East Coast states sue to challenge Trump’s offshore oil move

Nine states along the East Coast have joined a lawsuit challenging a key move by the Trump administration that could allow offshore oil and natural gas drilling in the Atlantic Ocean.

The states’ Democratic attorneys general are objecting both to the possible harm to marine life from the administration-approved seismic testing and to the potential offshore drilling that could result from the testing.

The states filed a motion to join a lawsuit environmental groups filed last week in the U.S. District Court for the District of South Carolina.

ADVERTISEMENT

“Seismic testing will have dangerous consequences for hundreds of thousands of marine mammals, including endangered species,” Maryland Attorney General Brian Frosh (D), who is leading the multistate effort, said in a statement Thursday.

“While the administration continues to place the interests of the fossil fuel industry ahead of our precious natural resources, attorneys general up and down the Atlantic coast will continue to fight these and other efforts to open the waters off our shores to drilling for oil and gas.”

Frosh announced his lawsuit at Baltimore’s National Aquarium in an effort to highlight what he says would be the damage to marine life from both the testing and any drilling.

Massachusetts Attorney General Maura Healey (D) similarly went to Boston’s New England Aquarium to highlight the effort.

“Approving these blasting tests paves the way for the Trump administration to open up the Atlantic coast to drilling and poses a severe threat to our coastal communities, our fishing industry, and the health of the ocean,” she said.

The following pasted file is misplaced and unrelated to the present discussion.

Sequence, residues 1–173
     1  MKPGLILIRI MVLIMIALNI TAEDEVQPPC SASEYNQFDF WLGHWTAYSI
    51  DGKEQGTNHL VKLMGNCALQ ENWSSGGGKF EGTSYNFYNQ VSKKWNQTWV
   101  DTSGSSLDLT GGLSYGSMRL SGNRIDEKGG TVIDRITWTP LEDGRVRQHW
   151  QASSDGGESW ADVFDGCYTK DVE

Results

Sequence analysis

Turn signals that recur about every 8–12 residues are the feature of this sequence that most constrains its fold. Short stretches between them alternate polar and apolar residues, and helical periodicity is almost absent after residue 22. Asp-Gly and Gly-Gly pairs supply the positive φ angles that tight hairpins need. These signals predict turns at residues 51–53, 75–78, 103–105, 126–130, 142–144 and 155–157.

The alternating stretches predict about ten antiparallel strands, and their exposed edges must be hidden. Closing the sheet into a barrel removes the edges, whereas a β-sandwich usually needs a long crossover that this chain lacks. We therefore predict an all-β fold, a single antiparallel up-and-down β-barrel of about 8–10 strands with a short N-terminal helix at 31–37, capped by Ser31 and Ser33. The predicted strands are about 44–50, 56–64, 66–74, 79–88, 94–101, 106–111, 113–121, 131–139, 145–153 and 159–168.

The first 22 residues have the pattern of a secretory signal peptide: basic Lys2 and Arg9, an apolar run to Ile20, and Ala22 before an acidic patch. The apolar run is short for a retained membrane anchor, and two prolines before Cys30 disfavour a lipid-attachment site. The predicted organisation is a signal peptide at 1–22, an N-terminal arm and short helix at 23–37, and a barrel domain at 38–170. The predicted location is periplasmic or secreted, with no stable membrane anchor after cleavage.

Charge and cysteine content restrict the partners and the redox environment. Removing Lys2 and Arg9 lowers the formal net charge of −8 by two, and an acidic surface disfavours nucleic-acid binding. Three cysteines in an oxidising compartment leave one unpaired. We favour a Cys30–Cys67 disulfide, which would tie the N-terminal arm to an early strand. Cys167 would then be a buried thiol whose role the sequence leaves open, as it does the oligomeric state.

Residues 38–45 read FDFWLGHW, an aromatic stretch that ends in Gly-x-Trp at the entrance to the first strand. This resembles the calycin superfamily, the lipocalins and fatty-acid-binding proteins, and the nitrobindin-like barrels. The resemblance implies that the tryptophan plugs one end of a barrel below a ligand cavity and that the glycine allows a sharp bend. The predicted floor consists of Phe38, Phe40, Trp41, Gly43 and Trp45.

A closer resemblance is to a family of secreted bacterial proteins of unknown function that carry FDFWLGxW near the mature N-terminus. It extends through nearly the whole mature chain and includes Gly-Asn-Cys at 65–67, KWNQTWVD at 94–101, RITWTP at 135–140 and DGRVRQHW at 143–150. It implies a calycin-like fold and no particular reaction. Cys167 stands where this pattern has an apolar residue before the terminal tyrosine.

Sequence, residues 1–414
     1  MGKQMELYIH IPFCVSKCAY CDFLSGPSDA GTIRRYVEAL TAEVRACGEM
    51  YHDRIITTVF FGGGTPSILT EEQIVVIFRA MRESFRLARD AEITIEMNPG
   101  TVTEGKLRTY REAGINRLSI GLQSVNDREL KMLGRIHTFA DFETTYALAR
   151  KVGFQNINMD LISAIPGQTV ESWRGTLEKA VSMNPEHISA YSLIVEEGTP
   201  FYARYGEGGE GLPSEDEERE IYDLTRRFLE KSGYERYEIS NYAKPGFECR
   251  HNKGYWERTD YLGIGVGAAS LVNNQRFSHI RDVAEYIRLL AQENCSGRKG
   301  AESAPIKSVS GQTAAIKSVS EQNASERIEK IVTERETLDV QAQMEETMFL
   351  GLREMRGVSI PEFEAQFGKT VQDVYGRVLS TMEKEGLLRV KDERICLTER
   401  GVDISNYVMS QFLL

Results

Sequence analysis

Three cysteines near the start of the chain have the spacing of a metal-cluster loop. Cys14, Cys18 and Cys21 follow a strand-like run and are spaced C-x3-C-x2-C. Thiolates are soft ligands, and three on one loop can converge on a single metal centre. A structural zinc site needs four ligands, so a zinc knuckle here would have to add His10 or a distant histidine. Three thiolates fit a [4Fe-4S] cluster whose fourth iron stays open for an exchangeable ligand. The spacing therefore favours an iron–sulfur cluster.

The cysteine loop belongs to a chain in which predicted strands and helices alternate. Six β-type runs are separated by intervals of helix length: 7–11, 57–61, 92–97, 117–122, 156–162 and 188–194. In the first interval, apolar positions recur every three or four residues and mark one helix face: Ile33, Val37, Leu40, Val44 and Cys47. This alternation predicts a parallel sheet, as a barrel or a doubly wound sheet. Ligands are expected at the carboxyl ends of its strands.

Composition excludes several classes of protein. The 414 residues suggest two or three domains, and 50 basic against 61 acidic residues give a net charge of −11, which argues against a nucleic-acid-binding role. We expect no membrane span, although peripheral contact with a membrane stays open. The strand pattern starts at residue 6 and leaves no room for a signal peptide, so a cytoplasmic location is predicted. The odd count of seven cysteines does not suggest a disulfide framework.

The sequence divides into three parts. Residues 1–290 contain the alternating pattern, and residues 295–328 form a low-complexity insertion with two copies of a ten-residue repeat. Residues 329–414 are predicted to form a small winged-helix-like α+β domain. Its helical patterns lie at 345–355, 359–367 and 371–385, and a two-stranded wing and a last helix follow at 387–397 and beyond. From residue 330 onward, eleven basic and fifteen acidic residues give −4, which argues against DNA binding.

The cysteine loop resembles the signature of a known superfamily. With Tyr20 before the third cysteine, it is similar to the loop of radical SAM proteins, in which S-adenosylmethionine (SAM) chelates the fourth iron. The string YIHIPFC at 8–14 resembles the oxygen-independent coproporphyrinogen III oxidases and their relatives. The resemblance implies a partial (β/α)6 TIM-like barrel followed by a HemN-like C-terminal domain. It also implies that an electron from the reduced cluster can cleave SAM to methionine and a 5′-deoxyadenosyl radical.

“Today we are suing to stop this reckless plan that allows the oil and gas industry to destroy fishing families, local businesses, and marine life.”

Other states joining Maryland and Massachusetts in the effort are Connecticut, Delaware, Maine, New Jersey, New York, North Carolina and Virginia.

The National Marine Fisheries Service, a unit of the Commerce Department’s National Oceanic and Atmospheric Administration, authorized five companies this month to potentially harm marine mammals when they conduct airgun testing to determine oil and gas potential in the sea floor of the Atlantic.

The authorizations did not give the companies the ability to do the actual testing; that is a separate permit the Interior Department’s Bureau of Ocean Energy Management would have to give.

The oil industry supports the testing approvals and says that it is necessary to update decades-old geological findings with better technology. They also point to previous government findings that marine mammals have never been harmed by seismic testing.

The Trump administration has proposed to open the entire Atlantic coast, along with the Pacific coast and all around Alaska, to drilling. If drilling is allowed along the Atlantic coast, it would be the first time since the 1980s.

But the attorneys general filing the lawsuit, along with the governors of nearly all East Coast states, oppose offshore drilling near their coasts and have vowed to take whatever efforts are necessary to stop it.